A third difficulty in using a guide for cutting and routing is that the cutting blade or tool is offset from the edge of the base plate of the tool. This offset varies according to the specific tool and cutter in use. It is necessary for the guide user to compensate for this offset by setting the guide parallel to the line of cut, but removed from it by the correct distance. This process introduces errors and is time consuming, particularly since a simple change of blade in a given saw alters the necessary compensation. Further complication is evident for long cuts where the guide must be aligned on both the near and far edges of a cut and then secured to the workpiece. Adjustment of the guide on one edge cannot be made without disturbing the position at the other edge, at least not with any of the prior art devices. Alignment systems in the guides of prior art fall into one of six categories. 1) user measures the offset required, 2) a rod or tab extends from the guide bar or edge clamp and is calibrated by a saw cut, 3) the guide bar has a lateral extension over its entire length that is calibrated by an initial saw cut, 4) the edge stop or clamp is marked by a saw cut, 5) an offset gauge is positioned against the guide bar and aligned with the intended line of cut, and 6) the workpiece is moved to position under the saw, which is fixed laterally by a frame.
Devices in the first category simply rely on the user to measure the offset for a particular saw and set the guide that distance from the intended line of cut. This approach has the obvious disadvantages of inconvenience and risk of error in making the several measurements required to set the guide position on both edges of a workpiece. Patents describing devices for which no alignment means is specified are listed in Table 8.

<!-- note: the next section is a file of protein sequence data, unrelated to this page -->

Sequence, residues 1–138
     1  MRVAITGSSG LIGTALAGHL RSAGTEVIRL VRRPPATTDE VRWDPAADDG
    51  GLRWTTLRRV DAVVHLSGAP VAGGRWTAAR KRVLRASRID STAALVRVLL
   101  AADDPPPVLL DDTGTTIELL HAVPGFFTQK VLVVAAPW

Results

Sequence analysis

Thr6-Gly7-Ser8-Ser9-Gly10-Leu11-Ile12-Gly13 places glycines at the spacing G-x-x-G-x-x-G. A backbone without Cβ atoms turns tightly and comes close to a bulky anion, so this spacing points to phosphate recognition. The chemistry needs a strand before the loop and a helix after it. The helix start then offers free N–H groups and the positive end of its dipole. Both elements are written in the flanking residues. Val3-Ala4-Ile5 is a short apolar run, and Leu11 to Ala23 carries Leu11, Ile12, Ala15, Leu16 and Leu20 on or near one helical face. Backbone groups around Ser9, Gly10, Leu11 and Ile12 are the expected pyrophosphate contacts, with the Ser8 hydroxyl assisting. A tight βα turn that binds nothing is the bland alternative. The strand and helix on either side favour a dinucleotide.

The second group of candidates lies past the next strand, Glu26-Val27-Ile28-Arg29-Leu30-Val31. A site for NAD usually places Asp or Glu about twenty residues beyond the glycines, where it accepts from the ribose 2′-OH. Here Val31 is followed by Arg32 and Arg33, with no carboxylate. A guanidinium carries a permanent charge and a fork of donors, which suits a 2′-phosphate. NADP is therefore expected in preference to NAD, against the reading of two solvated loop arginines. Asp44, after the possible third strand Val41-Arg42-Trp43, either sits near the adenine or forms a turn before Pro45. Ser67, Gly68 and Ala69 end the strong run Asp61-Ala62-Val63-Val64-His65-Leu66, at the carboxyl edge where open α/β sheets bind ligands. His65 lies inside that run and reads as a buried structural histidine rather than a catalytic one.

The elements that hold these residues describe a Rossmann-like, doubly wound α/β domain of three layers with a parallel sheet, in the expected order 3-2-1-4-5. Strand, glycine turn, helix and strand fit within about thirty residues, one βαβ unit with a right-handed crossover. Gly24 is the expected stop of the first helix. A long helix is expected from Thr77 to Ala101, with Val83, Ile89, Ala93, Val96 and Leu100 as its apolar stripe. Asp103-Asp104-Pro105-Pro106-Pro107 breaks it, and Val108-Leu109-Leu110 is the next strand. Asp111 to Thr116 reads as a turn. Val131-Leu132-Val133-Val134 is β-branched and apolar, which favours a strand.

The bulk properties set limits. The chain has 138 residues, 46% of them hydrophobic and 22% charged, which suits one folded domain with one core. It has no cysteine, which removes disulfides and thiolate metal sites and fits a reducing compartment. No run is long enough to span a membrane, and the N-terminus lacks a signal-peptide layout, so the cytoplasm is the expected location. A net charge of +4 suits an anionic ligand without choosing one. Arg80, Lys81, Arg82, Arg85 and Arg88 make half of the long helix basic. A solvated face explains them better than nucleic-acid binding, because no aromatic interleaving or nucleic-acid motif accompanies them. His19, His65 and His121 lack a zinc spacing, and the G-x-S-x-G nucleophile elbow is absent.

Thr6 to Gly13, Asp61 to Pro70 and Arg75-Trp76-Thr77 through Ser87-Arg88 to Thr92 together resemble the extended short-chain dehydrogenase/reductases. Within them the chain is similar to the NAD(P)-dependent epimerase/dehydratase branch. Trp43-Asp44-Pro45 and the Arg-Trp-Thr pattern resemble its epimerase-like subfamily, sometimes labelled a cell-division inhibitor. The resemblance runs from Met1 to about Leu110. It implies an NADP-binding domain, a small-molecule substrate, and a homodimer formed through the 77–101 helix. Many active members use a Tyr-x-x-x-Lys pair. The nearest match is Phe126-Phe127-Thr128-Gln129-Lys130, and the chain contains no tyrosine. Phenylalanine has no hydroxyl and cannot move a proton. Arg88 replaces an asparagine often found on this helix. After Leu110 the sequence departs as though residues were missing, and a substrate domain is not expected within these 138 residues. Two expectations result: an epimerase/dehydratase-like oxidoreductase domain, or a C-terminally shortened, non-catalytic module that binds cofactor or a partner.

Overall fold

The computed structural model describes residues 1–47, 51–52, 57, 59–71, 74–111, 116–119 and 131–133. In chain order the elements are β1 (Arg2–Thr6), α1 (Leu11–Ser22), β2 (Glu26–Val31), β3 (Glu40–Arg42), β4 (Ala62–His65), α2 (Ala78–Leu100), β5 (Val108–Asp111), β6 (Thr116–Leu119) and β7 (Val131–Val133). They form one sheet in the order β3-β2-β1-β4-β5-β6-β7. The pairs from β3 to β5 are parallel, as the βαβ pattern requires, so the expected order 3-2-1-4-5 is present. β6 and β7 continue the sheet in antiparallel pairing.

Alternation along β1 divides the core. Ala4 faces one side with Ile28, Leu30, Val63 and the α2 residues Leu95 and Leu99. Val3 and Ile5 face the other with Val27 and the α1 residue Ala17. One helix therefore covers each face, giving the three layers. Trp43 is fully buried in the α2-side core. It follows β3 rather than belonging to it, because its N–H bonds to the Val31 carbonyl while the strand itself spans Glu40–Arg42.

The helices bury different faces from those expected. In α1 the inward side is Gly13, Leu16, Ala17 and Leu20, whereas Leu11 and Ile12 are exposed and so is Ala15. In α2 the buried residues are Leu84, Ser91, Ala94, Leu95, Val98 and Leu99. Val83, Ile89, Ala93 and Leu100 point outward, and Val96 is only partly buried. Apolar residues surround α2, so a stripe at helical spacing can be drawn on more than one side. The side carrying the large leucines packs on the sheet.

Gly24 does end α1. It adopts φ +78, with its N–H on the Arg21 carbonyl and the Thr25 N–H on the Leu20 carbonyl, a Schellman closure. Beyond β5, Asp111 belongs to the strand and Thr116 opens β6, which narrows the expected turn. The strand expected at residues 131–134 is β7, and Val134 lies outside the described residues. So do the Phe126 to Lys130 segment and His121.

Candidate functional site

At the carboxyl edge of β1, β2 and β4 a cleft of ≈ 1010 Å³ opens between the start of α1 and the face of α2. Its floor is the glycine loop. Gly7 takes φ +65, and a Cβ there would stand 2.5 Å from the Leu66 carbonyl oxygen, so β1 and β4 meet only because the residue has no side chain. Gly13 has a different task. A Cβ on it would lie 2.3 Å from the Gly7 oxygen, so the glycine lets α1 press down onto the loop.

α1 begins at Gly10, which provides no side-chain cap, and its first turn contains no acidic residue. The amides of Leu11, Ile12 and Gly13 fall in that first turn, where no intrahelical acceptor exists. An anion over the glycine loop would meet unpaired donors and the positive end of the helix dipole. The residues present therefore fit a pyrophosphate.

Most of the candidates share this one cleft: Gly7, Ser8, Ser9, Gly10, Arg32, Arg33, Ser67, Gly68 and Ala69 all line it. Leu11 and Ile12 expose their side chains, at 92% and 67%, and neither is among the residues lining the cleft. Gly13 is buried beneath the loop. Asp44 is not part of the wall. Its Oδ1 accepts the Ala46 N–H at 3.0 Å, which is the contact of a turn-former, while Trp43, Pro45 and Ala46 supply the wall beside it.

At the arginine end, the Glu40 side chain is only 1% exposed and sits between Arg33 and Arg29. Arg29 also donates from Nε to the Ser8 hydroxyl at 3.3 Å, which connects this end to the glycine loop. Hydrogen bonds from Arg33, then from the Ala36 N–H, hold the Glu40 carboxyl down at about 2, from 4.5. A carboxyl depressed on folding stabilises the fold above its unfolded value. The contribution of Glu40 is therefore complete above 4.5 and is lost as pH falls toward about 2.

TABLE 8______________________________________Patents Describing Devices with no Alignment System SpecifiedPatent Inventor Date Granted______________________________________2,677,399 Floyd R. Getsinger May 4, 19542,708,465 Floyd C. Huebner May 17, 19553,085,343 Harold O. Skripsky April 16, 19633,586,077 Mason E. Pease June 22, 19713,389,724 Bryant M. Paul June 25, 19683,829,231 Thomas Hamilton August 13, 19743,869,951 William J. Litwin March 11, 19753,874,261 Gerald A. Murray April 1, 19753,979,987 T. H. Mayhew, M. G. Rice September 14, 19763,983,776 Robert D. Flanders October 5, 19764,023,273 Thomas R. Treleaven May 17, 19774,031,974 Joseph Q. Leihgeber June 28, 19774,050,340 Robert D. Flanders September 27, 19774,077,292 Eugene E. Cole March 7, 19784,125,942 Ralph J. Homer November 21, 19784,179,965 F. Walter Johnson December 25, 19794,202,233 Keith J. Larson May 13, 19804,736,523 James Hanning April 12, 19884,777,726 Randy Flowers October 18, 19884,919,384 Gerhard Grimberg April 24, 19904,995,288 Michael Della Polla February 26, 19914,224,855 Emile A. Des Roches September 30, 19804,335,512 Martin I. Sheps, et al June 22, 19824,381,103 Irwin J. Ferdinand, et al April 26, 19834,463,644 Irwin J. Ferdinand, et al August 7, 19844,619,170 Peter Maier October 28, 19864,677,750 Peter Maier, Gernot Hansel July 7, 19874,947,910 Raymond P. Reneau August 14, 19905,084,977 Robert E. Perkins February 4, 19925,138,759 Richard J. Gruetzmacher August 18, 19925,394,781 Ryozo Tsubai March 7, 19955,427,006 Joe Finley June 27, 19954,947,910 Raymond P. Reneau August 14, 19904,281,572 Marvin S. Stovall August 4, 19814,522,098 Delbert N. Bliss June 11, 1985______________________________________